When Ralphie Parker’s dad attempts to plug his glorious but tragically fra-gee-lee “Italian” leg lamp into an overloaded wall outlet in the holiday movie classic “A Christmas Story,” there first came a “snap of a few sparks” and the “whiff of ozone” before the lamp blazed forth in the front window.
While that’s a funny movie scene, those at Marshall County REMC want to remind folks that overloaded circuits and sparks are never funny, especially this time of year.
In the rush of decorating, shopping, cooking, entertaining and attending extracurricular activities, it might be tempting to short change safety measures you’d never think of doing any other time of year. But don’t.
According to the National Fire Protection Association, one of every three home Christmas tree fires is caused by electrical problems. And though not common, Christmas tree fires are more serious than typical home fires. One of every 31 reported Christmas tree fires results in a death. On average, just one in 144 typical home fires do.
Here are some things to keep in mind when decorating your home for the holidays:
- If you decorate with a real tree, make sure it’s fresh. Needles should not be dropping or coming off easily. Try this: Take hold of a branch between your thumb and forefinger about 6 inches from the tip. Pull your hand toward you, allowing the branch to slip through your fingers. Needles should not come off.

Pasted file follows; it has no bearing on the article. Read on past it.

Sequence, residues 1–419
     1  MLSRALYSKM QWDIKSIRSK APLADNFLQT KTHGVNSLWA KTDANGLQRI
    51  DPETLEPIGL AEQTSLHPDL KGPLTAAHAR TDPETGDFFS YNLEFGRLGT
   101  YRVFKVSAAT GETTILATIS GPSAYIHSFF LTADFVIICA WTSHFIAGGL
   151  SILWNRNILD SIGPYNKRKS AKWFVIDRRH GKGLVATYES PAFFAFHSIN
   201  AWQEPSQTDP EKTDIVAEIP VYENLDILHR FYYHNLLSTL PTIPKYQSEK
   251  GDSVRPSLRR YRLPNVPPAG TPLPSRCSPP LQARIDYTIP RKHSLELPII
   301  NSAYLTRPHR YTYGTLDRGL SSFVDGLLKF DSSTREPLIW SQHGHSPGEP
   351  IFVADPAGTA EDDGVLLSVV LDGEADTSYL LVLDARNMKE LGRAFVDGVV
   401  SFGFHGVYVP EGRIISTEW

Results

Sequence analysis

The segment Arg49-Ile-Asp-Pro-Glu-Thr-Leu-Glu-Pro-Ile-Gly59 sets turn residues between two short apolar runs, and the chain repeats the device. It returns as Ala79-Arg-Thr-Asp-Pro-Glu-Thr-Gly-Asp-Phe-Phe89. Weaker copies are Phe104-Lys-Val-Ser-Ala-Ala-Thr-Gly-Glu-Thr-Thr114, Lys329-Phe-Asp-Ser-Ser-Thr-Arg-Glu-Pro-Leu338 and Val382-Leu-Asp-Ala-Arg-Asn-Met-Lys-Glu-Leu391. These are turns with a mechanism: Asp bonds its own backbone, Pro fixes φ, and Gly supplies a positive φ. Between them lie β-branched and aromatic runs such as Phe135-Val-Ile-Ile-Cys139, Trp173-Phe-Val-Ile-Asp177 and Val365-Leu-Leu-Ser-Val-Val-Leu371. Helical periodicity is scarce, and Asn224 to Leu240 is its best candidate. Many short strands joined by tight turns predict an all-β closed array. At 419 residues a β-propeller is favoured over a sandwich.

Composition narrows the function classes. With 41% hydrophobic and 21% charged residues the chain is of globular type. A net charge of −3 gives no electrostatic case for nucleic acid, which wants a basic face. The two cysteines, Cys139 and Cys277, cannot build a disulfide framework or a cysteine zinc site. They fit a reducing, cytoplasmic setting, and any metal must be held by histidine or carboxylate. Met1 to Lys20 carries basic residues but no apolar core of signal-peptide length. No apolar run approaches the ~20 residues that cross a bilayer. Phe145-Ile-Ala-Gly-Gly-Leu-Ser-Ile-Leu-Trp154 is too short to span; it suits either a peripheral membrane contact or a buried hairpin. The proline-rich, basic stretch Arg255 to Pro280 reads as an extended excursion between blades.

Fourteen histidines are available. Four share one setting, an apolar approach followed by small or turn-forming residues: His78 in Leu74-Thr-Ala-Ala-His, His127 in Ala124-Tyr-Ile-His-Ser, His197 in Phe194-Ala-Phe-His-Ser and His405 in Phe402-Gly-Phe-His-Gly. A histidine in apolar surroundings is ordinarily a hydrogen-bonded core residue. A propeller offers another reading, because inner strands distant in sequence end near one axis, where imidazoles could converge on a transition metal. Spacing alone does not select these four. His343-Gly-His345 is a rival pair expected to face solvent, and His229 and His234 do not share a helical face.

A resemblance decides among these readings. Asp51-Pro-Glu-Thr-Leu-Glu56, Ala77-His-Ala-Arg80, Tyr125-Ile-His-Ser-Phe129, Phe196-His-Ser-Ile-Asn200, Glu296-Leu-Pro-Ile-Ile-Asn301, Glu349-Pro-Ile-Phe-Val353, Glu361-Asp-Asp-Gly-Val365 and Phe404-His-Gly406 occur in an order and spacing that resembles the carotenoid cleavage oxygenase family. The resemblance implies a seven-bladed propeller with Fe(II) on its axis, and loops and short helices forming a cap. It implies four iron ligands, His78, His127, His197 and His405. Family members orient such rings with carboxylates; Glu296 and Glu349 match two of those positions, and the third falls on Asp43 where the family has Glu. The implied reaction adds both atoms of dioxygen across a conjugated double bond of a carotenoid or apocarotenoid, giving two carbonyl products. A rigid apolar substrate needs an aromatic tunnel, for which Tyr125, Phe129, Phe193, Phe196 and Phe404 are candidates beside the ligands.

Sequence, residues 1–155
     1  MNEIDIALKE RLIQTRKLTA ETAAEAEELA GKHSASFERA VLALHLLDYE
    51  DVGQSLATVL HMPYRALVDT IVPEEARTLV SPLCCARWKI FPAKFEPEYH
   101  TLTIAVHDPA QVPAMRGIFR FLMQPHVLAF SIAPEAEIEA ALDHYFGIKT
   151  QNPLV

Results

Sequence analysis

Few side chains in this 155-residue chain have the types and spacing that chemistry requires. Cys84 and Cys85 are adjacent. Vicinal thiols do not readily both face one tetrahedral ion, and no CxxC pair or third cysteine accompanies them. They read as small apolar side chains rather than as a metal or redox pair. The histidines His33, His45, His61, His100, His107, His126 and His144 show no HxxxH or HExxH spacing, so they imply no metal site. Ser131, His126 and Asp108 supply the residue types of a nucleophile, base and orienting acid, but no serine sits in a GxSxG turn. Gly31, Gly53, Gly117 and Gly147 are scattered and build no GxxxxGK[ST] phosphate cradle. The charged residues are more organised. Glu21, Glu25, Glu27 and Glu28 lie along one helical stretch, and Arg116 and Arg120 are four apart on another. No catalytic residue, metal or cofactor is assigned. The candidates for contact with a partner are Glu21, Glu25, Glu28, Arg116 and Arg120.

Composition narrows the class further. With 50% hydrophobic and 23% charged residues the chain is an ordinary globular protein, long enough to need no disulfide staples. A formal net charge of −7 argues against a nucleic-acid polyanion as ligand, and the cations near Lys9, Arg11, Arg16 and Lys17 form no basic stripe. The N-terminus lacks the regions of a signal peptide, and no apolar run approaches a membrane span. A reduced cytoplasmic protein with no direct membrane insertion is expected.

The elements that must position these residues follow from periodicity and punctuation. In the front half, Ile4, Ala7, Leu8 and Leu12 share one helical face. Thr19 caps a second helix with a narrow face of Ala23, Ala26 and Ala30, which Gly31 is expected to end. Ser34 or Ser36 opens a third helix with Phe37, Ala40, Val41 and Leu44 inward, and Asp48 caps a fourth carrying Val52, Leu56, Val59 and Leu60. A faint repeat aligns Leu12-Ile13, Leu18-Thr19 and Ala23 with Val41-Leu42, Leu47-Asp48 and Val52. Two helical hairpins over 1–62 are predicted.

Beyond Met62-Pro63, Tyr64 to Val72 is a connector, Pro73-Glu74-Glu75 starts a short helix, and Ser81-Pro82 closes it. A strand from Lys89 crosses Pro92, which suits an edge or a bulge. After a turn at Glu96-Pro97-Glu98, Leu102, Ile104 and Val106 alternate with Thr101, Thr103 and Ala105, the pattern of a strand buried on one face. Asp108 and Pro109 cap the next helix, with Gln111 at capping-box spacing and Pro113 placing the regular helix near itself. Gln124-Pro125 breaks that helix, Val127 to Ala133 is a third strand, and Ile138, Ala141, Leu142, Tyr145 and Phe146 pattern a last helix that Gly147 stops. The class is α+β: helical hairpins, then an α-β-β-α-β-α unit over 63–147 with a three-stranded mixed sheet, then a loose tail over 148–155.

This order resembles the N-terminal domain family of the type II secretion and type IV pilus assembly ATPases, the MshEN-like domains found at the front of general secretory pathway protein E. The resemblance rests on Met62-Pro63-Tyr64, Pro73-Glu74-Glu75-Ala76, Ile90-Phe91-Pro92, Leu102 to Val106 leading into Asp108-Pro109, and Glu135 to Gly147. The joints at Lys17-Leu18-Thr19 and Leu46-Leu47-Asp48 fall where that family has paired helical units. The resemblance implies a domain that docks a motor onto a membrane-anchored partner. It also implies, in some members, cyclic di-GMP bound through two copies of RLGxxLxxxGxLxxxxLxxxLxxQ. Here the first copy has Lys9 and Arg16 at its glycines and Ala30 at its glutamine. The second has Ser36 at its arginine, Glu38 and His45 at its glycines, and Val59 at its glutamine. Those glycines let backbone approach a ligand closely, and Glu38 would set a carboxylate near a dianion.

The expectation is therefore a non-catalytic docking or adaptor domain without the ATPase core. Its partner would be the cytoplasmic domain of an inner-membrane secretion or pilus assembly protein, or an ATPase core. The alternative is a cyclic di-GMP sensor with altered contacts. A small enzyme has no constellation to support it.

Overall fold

- When you get your tree home, cut a few inches off the bottom of the stem and immediately place the tree in water, even if you do not yet intend to decorate it.
- Make sure you keep your tree watered daily throughout the holiday.
- Decorate your tree with new LED lights. Unlike traditional incandescent bulbs or tiny lights, LEDs do not get hot. They also use 75 to 90 percent less electricity for the same amount of light and come in a wide range of sizes, colors and multiple lighting patterns.
- With any light set, carefully inspect each light and the cord. Cracked and loose bulbs and frayed or bare wires can shock or start a fire.
- Do not mount or string light strands in ways that might damage the cord’s protective covering, such as with nails or staples.
- Make sure all decorations, especially those used outside, are plugged into an outlet protected with a ground-fault circuit interrupter.
- Always unplug your indoor holiday lights before leaving home or going to bed. Have your outdoor lights on a timer to save energy and reduce the risk of fire.
Obviously, Ralphie made it to adulthood to look back warmly on that Christmas he got a BB gun in “A Christmas Story.” And even though he almost shot his eye out and the neighbor’s hounds ate their turkey, at least the Parkers were not displaced, or something worse, by the old man’s overloaded outlets.